Born in Missouri in 1902, Langston grew up to be one of the most well-known poets/writers of the 20th century. Focusing on Hughes in this post will definitely be a different direction than Ezra Pound, as Hughes wrote more than just poetry, (Novels, short stories, essays, and plays) along with the influence of jazz and black folk rhythms in his work. He is also known for his influential work in the Harlem Renaissance.
Hughes published his first poem in 1921, titled “The Negro Speaks of Rivers”, (in my opinion) a beautiful poem where he captures the African American’s historical journey to America. He utilizes great metaphor and racial romanticism in lines of the poem, like “My soul has grown deep like the rivers”, comparing the rivers African Americans traveled on to the roots of his heritage in his blood.
This poem, among others, are prime examples of how Hughes contributed to the Harlem Renaissance, which occurred in the 1920s to the mid-1930s. Not only did his poetry bring this important renaissance to light, but he also took his time to stand up for black artists as well. His main focus was uplifting black artists and their work through his poems, by incorporating jazz and a black perspective.
“He sought to honestly portray the joys and hardships of working-class black lives, avoiding both sentimental idealization and negative stereotypes.”Poetry Foundation – Click here to read more about Hughes
After reflecting on Langston Hughes poetry, I began to compare him to that of Ezra Pound. It is quite obvious that on the outside, these two men have little in common, as their looks and writing styles were both extremely different, and they contributed very different concepts to the movement of poetry. However, I saw a similar tie between the way they both held conflict in their poems–they were both political and related to the frustrations of their personal world. After doing some research, I found that Pound and Hughes actually sent letters to one another throughout their careers, and thought very highly of one another; so this must have tied their writing together somehow. Yes, their reasons for political conflict in their writing was different, but I observed a similarity of conflict and tension held in both their poems, a similarity if you will. (I also found it interesting that Pound was put in a mental institution for support of Italian fascism, and Hughes was once brought to the Senate for his sympathy with Communism)
One way they hold conflict in their writing is through the language. Pound is known for utilizing Latin and Italian a lot in his writing, which helped emphasize certain points of his. (Mostly in Cantos) Hughes did something similar; he still utilized English, but he incorporated many aspects of Jazz and black folk rhythms. Here is a great example of this in his well-known poem: “The Weary Blues”, where he set blues lyrics to a poem from a song he learned as a child.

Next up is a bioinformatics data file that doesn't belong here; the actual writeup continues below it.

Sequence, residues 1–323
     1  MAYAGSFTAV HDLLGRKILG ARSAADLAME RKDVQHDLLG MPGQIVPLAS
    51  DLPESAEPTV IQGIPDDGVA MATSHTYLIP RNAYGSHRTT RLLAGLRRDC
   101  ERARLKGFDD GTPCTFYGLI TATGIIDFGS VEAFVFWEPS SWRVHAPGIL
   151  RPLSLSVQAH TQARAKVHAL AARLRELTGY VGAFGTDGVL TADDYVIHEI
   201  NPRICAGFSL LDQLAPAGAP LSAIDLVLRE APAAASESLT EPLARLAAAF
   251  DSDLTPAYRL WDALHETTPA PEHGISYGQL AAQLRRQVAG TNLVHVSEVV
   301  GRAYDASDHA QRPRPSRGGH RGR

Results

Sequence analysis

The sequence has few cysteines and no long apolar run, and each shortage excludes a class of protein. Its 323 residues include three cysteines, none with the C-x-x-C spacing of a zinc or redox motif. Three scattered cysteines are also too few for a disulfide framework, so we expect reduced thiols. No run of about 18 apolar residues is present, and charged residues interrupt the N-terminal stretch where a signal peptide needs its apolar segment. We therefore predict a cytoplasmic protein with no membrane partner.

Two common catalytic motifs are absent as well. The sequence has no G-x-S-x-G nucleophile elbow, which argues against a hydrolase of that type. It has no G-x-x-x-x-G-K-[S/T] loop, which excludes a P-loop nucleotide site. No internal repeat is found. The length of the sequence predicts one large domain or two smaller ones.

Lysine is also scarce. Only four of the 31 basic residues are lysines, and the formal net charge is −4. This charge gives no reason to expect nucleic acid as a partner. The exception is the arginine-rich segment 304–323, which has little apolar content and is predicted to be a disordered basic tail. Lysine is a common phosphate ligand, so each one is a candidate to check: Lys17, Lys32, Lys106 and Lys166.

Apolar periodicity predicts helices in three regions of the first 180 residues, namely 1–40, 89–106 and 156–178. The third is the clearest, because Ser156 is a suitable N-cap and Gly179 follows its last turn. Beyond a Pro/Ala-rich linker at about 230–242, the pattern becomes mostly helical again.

These rhythms and lyrics added to the poems enhanced the tension within the poem. Not only do the lyrics make it more unique to poetry in its time, but it also shows a sense of isolation and abandonment that Hughes was trying to convey from this own experience. This is where I found the most common ground with both Ezra and Langston; for both of them felt isolated at some point in their lives, and both poets held that tension and feeling of isolation within their poems, but in extremely different ways.
After reading many examples of Langston Hughes’s poetry, I found that incorporating black folk rhythm and jazz into an example poem of mine may be inaccurate or inappropriate. So instead, I decided to utilize his tools of metaphor, repetition, and free flow to write a poem adapting to his style. I also tried to utilize my political beliefs as both Pound and Hughes would aim to do. This poem I wrote is called “Build”
In my next blog post, I will be focusing on Nikki Giovanni, a wonderful female poet that I am excited to research.
Poetry Foundation, editor. “Langston Hughes.” Poetryfoundation.com, 2019 Poetry Foundation, 2019, http://www.poetryfoundation.org/poets/langston-hughes. Accessed 27 Feb. 2019.
Kettler, Sara. “Langston Hughes Impact on the Harlem Renaissance.”
Biography.com, edited by Biography.com, A&E Television Networks, 4 Jan. 2019, http://www.biography.com/news/langston-hughes-harlem-renaissance. Accessed 27 Feb. 2019.
3ChicsPolitico. Langston Hughes. Newsroom.ucla.edu, UCLA, 10 Sept. 2015, newsroom.ucla.edu/dept/faculty/ oct-28:-langston-hughes-ask-your-mama:-twelve-moods-of-jazz. Accessed 27 Feb. 2019.
Roessel, David. “‘A RACIAL ACT’: THE LETTERS OF LANGSTON HUGHES AND EZRA POUND.” JSTOR, National Poetry Foundation, 2000, http://www.jstor.org/stable/24726861?seq=4#metadata_info_tab_contents. Accessed 27 Feb. 2019.
Coburn, Alvin Langdon. Ezra Pound. 1913. Library of America, Literary Classics of the US inc., 2017, http://www.loa.org/writers/103-ezra-pound. Accessed 27 Feb. 2019.
Rampersad, Arnold. “Langston Hughes’s Fine Clothes to The Jew.” JSTOR, Johns Hopkins University Press, 1986, http://www.jstor.org/stable/2931083?seq=4#metadata_info_tab_contents. Accessed 27 Feb. 2019.